Unlike his predecessors, however, his falling-out will not be all about his performances on Sundays; it will, at least in part, be affected by his attitude on Monday through Saturday.
No NFL locker room is squeaky clean, but it's important to maintain a good balance. If Lloyd's actions were part of the reason he wasn't as good as he could have been this season, there's no question he should be gone. The question, though, is how far it all went.
Lloyd’s erratic behavior in the locker room and on the practice field proved tiresome, according to a league and team source. If they cut Lloyd, that would save the Patriots $4.9 million against the cap this season, though there will be $2 million in dead money that can be spread out over two years. The team was smart to build in protection with Lloyd.
As a result, he thinks the odds are against the Patriots picking up Brandon Lloyd's $3 million option bonus.
It's fair to wonder what the nature of the erratic behavior is. Was he a nuisance, was he selfish, was he just weird? These are just some of the possibilities, and clearly, it makes a difference.
The Patriots knew about his character going into the signing—thank Josh McDaniels for the tip on that—but constructing a team-friendly contract doesn't fix an unfriendly situation at wide receiver. Without Lloyd, the Patriots have just two wide receiver signed for 2013: Matthew Slater, who has one career reception, and Kamar Aiken, who has none.
Has it come to that point for the Patriots? While we don't know exactly the nature of what happened off the field, we do know what happened on the field wasn't exactly what the Patriots had hoped for.
We did not see any of the explosive playmaking ability that made Lloyd a sought-after free agent for the Patriots in 2012. In fact, his 12.3 yards per reception was the lowest of any season in his career. According to ProFootballFocus.com, he was targeted 34 times on passes 20 yards or more downfield, and came down with just nine of them. He dropped another three passes.
He, like most other Patriots receivers, did the majority of his work within 10 yards of the line of scrimmage. That's startling, considering he did a vast majority of his work deeper than that with the Broncos. He led the league with 18.3 yards per reception in 2010, his first big year. At 31 years old, it's fair to say he's probably not going to get more explosive than he is now.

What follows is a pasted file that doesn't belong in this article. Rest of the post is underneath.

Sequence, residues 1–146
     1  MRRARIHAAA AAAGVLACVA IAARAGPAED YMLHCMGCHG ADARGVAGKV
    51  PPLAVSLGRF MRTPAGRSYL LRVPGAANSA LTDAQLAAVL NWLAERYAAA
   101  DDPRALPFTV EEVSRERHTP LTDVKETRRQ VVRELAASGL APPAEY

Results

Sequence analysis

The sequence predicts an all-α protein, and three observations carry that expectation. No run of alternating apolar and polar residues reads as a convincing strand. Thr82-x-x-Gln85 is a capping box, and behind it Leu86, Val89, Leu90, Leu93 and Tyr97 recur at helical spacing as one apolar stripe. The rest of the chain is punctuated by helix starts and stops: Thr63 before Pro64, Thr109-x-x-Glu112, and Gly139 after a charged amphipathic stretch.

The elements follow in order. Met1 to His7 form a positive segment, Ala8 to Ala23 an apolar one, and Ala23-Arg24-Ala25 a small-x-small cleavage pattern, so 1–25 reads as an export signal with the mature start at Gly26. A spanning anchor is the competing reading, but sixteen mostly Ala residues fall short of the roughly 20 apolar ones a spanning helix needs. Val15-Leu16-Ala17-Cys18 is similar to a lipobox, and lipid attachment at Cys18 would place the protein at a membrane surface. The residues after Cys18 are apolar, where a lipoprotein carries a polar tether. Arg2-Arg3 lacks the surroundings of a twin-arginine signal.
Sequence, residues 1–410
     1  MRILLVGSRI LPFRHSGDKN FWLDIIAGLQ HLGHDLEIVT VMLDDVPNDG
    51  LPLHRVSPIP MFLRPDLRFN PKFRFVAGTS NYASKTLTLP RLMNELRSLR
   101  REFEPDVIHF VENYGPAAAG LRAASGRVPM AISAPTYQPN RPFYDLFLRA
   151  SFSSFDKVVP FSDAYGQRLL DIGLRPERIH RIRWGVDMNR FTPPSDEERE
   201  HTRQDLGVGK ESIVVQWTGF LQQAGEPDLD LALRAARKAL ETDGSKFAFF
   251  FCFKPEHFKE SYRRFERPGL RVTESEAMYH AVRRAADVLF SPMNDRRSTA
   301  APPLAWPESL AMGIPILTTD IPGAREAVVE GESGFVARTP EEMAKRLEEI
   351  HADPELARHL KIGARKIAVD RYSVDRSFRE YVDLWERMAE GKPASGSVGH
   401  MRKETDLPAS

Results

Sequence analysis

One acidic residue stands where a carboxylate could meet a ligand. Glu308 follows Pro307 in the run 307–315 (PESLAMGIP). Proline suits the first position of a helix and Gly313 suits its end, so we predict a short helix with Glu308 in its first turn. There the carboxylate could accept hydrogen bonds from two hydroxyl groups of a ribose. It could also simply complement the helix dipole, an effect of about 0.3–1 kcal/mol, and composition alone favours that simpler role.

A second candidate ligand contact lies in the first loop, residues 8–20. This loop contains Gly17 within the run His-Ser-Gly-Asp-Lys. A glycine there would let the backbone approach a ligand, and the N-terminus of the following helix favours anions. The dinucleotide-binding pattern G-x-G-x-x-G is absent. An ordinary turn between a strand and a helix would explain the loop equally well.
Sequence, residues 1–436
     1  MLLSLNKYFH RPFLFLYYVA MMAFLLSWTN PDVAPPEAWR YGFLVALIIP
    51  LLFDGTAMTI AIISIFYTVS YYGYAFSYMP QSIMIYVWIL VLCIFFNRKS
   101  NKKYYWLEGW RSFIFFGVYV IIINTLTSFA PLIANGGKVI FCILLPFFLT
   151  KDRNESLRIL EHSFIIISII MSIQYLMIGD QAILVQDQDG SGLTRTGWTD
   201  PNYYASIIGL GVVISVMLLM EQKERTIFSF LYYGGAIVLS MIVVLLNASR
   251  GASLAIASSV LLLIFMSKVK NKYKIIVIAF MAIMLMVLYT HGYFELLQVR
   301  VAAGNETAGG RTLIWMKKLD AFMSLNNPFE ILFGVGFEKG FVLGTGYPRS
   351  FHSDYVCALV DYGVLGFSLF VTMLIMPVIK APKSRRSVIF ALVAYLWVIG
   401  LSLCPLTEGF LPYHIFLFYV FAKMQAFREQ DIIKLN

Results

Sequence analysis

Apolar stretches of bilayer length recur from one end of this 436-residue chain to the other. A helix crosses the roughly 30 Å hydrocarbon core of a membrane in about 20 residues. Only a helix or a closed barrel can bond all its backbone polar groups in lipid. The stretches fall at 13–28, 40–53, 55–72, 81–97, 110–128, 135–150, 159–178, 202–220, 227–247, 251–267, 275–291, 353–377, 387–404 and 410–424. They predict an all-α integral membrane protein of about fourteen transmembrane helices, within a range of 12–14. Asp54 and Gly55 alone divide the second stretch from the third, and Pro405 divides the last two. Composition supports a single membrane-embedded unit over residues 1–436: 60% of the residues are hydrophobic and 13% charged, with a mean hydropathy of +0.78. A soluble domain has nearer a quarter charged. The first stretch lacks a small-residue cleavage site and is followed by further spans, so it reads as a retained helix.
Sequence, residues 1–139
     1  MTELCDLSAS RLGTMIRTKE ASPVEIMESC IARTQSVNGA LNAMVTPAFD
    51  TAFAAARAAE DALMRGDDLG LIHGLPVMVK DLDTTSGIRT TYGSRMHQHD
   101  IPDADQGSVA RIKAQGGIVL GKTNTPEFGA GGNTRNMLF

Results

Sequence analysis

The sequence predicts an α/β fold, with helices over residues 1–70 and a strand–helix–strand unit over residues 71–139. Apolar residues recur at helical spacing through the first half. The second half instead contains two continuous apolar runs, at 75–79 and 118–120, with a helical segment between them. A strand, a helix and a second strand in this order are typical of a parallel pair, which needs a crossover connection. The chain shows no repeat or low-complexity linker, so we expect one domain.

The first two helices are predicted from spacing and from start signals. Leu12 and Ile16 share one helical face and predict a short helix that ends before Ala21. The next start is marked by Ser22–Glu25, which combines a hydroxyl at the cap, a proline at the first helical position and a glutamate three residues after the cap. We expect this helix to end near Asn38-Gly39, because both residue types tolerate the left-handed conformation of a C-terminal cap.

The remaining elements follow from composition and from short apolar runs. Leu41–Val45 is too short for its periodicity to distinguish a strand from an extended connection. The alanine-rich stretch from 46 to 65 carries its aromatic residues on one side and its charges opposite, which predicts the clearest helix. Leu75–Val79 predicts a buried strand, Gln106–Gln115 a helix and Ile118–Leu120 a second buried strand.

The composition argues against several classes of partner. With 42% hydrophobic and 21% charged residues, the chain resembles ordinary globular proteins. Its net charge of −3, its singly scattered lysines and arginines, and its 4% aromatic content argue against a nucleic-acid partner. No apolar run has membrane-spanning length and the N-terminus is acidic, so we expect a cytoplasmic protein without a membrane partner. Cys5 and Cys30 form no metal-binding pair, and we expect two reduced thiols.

If the Patriots want a younger receiver who produced similar numbers to Lloyd in 2012 and would (probably) not produce a similar headache, they could look to Dolphins wide receiver Brian Hartline in free agency.
- Hartline, 2012: 74 receptions, 1,083 yards, touchdown
- Lloyd, 2012: 74 receptions, 911 yards, four touchdowns
Also, Hartline caught 11 passes that traveled 20 yards or more in the air, yet played in an offense that was one of the league's worst at creating explosive plays in the passing game (Miami's 42 pass plays of 20 yards or more tied for eighth-fewest in the league in 2012).
Hartline may be a little bit pricier, but that could be the price the Patriots are willing to pay to get rid of a headache without leaving themselves bereft of talent at wide receiver.
In short, while there's evidence from the past that Lloyd can be a standout receiver, there's nothing irreplaceable about what Lloyd did in 2012.
Erik Frenz is the AFC East lead blogger for Bleacher Report. Be sure to follow Erik on Twitter and "like" the AFC East blog on Facebook to keep up with all the updates. Unless specified otherwise, all quotes are obtained firsthand or via team press releases.